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INFLAMMATION & ADIPOSITY CIRCULATORY MARKERS IN B-NON HODGKIN LYMPHOMA (B-NHL): AN EGYPTIAN SINGLE CENTER STUDY

PB2070

Elsissy, M.1; El Demerdash, D.2; Elazab, R.3; Tawfeek, N.2; Mattar, M.2

doi: 10.1097/01.HS9.0000566768.18417.3e
Publication Only: Lymphoma biology & translational research
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1clinical pathology

2internal medicine-clinical hematology unit, cairo university, Faculty of Medicine

3blood Bank, sheikh zayed hospital, Giza, Egypt

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Background:

NHLs are an etiologically, clinically &histologically heterogeneous group oflymphoproliferative disorders. Obesity has beenfound to be a risk factor through dysregulation of alarge spectrum of inflammatory & adipositycytokines in many types of cancer.

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Aims:

We aimed to Study the association between obesityas measured by body mass index (BMI), and risk of NHL development by evaluating the role ofinflammatory cytokines, (IL-6, IL-10, IFN-gamma& CRP) & adipokines (leptin & adiponectin).

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Methods

All patients (n;45) as well as Healthy controls (n;43) subjected to Complete history and Physicalexamination assessment of the body mass index (BMI), Ann Arbor Clinical staging, laboratoryworkup in form of:Routine laboratory investigations, Pan CT, bonemarrow and excisional biopsy of the involvedlymph node for cytochemical studies. Specificmarker assessment; IL-6, IL-10, IFN-Y, CRP,Leptin & Adiponectin by ELISA kits.

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Results:

We had investigated 45 NHL patients. Female were (n;16),while male were (n; 29). The Median age at the time of diagnosis was 55years. Also, 43 age and sex matched healthy controls (HC) were enrolled. They were 30 patients having diffuse large B-celllymphoma (DLBCL) (66.67%), 8 patients havingmucosa-associated lymphoid tissue-B variant (MALT) (17.78%), and 7 patients having follicularlymphoma (FL) (15.56%). All the inflammatory markers (IL-6, IL-10, IFN-γ& CRP) together with adiponectin werestatistically higher in NHL cases than control. (Pvalue0.001). We studied different variables affecting cytokinesin our NHL patients & we found that genderaffected leptin level only, which was higher infemales than males. (P-value 0.001). Among other studied variables we found no othersignificant correlations affecting inflammatorycytokines and adipokines in our NHL patients. Important scale in our work was subgrouping ourpatients into two groups regarding their BMI, firstgroup (Group A) (n. 16 patients) with BMI < 25 kg/m2 and second group (Group B) (n. 29patients) with BMI ≥ 25 kg/m2 and studying levelsof inflammatory & adiposity markers in bothgroups. The inverse association between leptin and NHLrisk was slightly strengthened (p-value was 0.61and became 0.001) with higher levels in the secondgroup with BMI ≥ 25 kg/m2. Other inflammatory markers weren't significantcorrelated with BMI except the unexpected higherlevels of IL 6 & CRP in non obese patients. We noted in our study that stage of the disease didnot affect levels of inflammatory or adipositymarkers, except in late stage of disease (stage VI)which was associated with higher level ofadiponectin only (p-value 0.014). Also, we didn't find any significant differencebetween de-novo and relapse diseases regardinginflammatory markers as well as adipositymarkers.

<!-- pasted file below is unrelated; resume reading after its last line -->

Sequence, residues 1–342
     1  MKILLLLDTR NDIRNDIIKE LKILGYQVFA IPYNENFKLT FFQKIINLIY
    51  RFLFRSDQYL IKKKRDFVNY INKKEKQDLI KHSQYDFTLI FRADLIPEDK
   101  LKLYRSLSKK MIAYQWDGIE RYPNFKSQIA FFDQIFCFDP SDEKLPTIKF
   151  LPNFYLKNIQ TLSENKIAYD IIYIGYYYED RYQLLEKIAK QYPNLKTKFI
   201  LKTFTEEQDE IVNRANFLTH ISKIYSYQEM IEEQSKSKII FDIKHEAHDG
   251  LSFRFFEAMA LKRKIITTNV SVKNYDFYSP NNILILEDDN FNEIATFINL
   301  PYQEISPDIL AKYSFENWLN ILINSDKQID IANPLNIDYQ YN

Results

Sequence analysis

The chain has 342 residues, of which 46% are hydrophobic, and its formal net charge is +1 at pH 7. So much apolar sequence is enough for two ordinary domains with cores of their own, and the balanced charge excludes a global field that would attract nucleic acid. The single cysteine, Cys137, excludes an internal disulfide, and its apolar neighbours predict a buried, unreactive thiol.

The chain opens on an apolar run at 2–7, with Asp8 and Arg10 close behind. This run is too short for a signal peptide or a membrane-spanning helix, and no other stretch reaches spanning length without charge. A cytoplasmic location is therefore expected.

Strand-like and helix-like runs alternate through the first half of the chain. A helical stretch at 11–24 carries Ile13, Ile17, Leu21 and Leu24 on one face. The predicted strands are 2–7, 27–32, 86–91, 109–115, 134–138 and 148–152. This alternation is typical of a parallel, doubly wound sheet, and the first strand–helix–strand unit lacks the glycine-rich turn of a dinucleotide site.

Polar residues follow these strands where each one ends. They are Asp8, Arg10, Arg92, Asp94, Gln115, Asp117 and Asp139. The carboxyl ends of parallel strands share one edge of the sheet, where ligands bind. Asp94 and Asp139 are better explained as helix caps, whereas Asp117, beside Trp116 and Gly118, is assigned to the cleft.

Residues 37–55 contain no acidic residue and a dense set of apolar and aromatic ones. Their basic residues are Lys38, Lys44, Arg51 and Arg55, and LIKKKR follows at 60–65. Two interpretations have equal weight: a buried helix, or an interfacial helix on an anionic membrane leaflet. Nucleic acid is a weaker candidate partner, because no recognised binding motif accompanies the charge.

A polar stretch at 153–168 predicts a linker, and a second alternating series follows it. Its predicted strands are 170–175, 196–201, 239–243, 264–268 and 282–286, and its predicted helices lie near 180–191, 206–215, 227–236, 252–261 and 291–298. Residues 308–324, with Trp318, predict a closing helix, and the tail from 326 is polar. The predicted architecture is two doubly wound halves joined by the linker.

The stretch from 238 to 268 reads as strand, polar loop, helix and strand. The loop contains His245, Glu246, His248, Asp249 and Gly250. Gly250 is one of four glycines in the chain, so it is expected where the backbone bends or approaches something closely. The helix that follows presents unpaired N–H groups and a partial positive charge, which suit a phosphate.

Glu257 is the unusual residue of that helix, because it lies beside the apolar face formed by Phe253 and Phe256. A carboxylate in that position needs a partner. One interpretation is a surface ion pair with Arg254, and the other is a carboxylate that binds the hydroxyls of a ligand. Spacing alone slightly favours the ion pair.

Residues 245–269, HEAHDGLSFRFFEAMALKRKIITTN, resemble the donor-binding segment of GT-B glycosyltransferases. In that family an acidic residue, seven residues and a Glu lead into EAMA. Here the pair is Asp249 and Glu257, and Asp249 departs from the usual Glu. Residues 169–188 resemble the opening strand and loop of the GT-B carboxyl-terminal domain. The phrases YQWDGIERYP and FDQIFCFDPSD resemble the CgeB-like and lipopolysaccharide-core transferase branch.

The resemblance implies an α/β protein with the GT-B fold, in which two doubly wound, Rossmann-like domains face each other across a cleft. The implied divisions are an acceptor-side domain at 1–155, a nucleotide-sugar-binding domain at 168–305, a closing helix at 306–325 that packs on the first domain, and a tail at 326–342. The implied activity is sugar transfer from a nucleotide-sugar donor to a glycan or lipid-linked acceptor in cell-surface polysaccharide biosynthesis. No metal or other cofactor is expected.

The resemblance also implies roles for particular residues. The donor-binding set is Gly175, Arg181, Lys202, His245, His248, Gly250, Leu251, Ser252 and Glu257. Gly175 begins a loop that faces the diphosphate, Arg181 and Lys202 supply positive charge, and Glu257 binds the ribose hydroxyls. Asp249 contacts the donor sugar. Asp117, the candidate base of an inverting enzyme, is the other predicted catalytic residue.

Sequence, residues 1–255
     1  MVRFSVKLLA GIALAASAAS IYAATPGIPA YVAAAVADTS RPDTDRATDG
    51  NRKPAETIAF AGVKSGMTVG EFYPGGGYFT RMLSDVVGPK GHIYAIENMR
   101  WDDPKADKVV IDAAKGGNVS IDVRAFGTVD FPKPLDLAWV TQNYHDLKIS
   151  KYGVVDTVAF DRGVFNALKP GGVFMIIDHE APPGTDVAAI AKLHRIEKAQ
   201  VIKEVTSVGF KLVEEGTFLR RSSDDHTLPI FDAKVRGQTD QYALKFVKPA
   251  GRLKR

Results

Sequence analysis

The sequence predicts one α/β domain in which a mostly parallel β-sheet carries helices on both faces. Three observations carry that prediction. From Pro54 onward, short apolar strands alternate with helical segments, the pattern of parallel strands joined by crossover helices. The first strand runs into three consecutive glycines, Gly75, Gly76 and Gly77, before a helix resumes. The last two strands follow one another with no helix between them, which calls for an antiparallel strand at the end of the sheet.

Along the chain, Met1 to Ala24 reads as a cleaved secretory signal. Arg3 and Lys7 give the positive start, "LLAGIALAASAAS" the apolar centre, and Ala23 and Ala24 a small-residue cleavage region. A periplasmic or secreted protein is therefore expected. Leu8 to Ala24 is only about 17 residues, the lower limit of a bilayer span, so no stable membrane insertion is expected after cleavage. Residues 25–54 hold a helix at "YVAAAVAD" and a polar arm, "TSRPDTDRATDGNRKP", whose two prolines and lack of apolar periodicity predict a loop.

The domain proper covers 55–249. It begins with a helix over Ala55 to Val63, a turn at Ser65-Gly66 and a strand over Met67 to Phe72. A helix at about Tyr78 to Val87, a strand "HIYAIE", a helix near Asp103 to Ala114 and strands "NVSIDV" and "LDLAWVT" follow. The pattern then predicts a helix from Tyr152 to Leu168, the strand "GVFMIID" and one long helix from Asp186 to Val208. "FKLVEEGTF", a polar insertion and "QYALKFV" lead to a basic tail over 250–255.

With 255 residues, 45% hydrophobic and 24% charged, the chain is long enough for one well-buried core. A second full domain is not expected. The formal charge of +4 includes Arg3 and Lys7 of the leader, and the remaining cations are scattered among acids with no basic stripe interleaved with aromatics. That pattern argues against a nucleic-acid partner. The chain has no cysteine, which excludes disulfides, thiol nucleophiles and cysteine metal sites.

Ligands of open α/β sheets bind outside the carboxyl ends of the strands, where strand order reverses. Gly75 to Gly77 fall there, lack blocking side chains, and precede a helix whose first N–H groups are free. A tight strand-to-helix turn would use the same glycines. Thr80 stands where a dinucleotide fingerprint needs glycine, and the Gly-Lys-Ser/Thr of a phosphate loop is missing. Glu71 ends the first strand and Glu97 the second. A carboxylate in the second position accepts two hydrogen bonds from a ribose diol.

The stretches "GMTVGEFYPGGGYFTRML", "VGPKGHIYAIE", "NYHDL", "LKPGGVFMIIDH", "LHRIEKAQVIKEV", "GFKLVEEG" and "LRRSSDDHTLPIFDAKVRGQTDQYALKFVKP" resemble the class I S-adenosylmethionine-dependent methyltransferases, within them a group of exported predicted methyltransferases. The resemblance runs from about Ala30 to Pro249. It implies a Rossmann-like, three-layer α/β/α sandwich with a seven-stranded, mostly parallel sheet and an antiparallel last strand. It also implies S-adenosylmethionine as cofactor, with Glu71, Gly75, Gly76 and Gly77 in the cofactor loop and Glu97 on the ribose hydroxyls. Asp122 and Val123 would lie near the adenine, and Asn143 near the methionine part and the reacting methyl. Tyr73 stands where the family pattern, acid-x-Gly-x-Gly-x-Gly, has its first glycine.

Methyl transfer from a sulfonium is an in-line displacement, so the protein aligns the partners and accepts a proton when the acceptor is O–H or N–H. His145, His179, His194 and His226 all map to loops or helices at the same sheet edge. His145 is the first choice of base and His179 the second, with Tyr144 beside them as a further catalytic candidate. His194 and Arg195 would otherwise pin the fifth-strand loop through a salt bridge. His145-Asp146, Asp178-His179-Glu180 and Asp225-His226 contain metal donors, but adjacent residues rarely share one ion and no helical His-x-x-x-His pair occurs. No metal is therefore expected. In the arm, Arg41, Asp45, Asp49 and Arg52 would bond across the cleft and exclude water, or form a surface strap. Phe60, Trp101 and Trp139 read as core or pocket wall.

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Figure

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Summary/Conclusion:

Our findings support the hypothesis that obesityhas a major role in the development of NHL. Weobserved positive significant correlation betweenIL-6, IFN-γ, CRP and adiponectin with increasedrisk of NHL development. These findings supporta role for subclinical inflammation and chronic Bcellstimulation in lymphomagenesis.

Copyright © 2019 The Authors. Published by Wolters Kluwer Health Inc., on behalf of the European Hematology Association.